B. Expert Witnesses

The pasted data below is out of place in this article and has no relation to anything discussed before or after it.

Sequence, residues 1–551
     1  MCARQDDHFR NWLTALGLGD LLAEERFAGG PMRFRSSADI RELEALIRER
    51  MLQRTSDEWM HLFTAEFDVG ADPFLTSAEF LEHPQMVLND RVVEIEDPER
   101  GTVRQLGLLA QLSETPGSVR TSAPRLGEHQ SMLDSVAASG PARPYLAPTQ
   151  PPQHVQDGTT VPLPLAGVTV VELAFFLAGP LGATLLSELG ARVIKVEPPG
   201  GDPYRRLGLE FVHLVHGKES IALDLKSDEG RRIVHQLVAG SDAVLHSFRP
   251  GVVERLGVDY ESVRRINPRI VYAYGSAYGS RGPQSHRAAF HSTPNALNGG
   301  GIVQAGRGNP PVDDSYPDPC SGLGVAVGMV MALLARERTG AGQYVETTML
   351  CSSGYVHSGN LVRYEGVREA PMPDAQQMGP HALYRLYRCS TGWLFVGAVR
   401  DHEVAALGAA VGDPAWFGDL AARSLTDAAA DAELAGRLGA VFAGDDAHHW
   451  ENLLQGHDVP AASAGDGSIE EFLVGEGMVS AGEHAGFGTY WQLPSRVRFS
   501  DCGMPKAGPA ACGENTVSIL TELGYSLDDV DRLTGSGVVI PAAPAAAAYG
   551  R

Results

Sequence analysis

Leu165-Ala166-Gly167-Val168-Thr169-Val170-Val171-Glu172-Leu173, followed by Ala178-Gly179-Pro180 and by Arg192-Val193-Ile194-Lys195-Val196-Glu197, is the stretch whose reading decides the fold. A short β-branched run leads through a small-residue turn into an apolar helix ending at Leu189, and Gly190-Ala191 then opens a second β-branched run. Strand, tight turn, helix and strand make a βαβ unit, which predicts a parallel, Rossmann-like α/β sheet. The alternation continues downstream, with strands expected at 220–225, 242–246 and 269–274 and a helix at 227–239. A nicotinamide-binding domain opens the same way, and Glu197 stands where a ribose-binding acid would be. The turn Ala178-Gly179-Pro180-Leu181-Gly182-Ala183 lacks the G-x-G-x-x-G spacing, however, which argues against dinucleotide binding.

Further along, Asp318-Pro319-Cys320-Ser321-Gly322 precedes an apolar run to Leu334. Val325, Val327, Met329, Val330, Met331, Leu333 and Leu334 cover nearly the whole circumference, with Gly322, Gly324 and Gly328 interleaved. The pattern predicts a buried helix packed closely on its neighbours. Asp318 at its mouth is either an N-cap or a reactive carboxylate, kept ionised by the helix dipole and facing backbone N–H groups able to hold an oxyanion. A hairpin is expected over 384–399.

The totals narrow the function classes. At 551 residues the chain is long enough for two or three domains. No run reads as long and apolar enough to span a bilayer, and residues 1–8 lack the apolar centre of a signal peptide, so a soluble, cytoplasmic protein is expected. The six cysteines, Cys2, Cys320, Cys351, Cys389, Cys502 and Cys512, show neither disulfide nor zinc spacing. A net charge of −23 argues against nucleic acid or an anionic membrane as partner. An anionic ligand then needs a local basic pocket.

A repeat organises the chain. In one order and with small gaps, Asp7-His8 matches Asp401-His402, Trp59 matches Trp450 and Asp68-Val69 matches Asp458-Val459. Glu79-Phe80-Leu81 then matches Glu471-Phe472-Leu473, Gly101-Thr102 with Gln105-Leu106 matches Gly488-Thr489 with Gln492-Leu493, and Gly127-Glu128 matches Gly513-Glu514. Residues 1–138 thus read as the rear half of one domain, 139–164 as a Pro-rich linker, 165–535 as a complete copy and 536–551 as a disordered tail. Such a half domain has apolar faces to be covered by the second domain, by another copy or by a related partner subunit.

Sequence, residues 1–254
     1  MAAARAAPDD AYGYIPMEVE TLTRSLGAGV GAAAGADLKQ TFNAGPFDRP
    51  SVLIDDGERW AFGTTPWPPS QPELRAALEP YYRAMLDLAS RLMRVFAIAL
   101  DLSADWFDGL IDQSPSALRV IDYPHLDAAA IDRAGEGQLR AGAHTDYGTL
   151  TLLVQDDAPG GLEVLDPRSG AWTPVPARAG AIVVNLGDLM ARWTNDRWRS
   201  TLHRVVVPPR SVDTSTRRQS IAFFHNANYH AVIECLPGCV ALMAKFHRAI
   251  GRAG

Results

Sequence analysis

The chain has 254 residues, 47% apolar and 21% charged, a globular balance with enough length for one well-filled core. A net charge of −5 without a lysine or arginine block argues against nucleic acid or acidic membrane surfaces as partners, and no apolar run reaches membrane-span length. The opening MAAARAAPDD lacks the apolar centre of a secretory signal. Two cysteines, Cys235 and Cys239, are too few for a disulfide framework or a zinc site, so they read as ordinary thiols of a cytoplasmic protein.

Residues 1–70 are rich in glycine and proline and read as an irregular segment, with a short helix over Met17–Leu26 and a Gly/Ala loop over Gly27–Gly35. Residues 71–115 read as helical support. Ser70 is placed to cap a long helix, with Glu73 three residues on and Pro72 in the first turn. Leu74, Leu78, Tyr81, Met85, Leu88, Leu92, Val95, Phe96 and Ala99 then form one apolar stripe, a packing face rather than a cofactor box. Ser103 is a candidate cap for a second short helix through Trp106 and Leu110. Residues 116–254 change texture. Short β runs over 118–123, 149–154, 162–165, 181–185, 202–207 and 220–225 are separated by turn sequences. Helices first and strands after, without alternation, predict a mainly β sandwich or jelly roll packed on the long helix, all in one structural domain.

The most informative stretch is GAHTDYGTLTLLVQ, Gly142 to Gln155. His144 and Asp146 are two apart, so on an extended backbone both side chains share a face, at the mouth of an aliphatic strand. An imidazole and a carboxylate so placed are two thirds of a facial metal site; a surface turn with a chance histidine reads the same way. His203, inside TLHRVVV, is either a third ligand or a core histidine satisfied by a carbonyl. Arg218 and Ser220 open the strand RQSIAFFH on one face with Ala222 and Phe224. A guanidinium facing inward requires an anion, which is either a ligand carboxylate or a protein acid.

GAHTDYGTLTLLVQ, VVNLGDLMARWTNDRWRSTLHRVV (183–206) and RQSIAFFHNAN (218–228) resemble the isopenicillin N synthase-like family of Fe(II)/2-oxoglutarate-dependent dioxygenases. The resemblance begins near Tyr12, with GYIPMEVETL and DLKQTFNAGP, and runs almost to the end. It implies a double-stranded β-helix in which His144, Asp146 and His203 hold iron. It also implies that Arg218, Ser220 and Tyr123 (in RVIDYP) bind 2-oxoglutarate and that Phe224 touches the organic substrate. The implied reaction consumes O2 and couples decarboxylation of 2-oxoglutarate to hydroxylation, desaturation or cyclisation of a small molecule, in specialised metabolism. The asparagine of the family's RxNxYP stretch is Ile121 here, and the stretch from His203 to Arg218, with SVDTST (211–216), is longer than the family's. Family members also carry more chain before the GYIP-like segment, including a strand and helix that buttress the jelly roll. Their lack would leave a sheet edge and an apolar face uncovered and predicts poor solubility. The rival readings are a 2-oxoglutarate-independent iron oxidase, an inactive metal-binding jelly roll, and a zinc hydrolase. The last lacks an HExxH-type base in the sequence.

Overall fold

Plaintiffs argue that the district court erred in excluding the testimony of their two expert witnesses: Dr. Douglas Massey, a professor of sociology at The University of Chicago, who would have testified about the history and patterns of housing discrimination in Chicago, and Dr. John Tarini, a psychologist, statistician, and chair of the Department of Marketing Communication at Columbia College (Chicago), who would have testified about how advertising sends a message to its target market and how an all-White advertising campaign affects African-Americans. The court excluded Dr. Massey's testimony on the grounds that it would range too far afield into the history of housing discrimination in Chicago and would thus be prejudicial and not sufficiently linked to the issue of The New York's advertising. After a lengthy proffer relating to Dr. Tarini's background and proposed testimony, the court concluded that he was not qualified to testify to the particular question of how the ordinary reader would react to The New York ads. In neither of its rulings on the experts did the court make use of the framework established by Daubert v. Merrell Dow Pharmaceuticals, 509 U.S. 579, 113 S.Ct. 2786, 125 L.Ed.2d 469 (1993).